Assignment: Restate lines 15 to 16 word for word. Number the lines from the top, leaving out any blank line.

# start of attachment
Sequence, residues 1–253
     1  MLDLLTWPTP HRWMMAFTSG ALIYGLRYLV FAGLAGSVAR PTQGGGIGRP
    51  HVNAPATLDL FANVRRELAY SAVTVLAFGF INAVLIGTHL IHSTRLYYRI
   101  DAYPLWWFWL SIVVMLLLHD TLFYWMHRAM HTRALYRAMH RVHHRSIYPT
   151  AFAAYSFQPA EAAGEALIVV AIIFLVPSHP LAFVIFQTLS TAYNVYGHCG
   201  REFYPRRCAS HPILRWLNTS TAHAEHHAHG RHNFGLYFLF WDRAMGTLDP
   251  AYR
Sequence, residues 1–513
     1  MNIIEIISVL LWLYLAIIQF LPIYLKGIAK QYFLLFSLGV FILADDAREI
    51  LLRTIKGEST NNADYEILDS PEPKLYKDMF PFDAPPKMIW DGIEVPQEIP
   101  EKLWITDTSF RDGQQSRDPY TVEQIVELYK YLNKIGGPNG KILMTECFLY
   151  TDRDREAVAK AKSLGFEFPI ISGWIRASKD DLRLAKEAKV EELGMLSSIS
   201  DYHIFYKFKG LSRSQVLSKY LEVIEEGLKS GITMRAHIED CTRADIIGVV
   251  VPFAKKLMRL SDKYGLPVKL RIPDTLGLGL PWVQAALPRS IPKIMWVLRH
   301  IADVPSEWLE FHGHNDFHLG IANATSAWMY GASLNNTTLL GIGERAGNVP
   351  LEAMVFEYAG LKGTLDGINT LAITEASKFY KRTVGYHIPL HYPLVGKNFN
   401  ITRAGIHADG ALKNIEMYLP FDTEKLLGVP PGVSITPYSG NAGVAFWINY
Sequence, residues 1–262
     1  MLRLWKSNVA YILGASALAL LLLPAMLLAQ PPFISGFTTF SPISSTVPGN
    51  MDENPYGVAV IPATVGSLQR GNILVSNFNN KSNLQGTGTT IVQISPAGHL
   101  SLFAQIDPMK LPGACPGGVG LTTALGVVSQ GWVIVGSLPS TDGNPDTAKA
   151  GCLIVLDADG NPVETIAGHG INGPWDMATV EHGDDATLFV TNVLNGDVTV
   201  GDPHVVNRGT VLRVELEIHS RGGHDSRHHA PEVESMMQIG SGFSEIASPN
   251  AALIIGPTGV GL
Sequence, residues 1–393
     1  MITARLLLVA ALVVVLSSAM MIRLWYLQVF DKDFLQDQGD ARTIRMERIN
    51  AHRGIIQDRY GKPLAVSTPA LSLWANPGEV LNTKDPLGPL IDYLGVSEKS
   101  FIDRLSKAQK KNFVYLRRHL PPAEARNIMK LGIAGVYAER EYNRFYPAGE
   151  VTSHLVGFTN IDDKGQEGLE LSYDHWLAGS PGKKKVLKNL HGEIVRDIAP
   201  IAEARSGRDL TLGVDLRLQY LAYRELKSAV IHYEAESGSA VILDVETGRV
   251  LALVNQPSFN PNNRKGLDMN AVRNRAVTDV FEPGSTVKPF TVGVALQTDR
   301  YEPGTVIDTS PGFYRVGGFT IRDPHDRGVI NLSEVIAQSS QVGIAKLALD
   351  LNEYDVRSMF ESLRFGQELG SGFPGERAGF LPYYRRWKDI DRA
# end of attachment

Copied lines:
   301  IADVPSEWLE FHGHNDFHLG IANATSAWMY GASLNNTTLL GIGERAGNVP
   351  LEAMVFEYAG LKGTLDGINT LAITEASKFY KRTVGYHIPL HYPLVGKNFN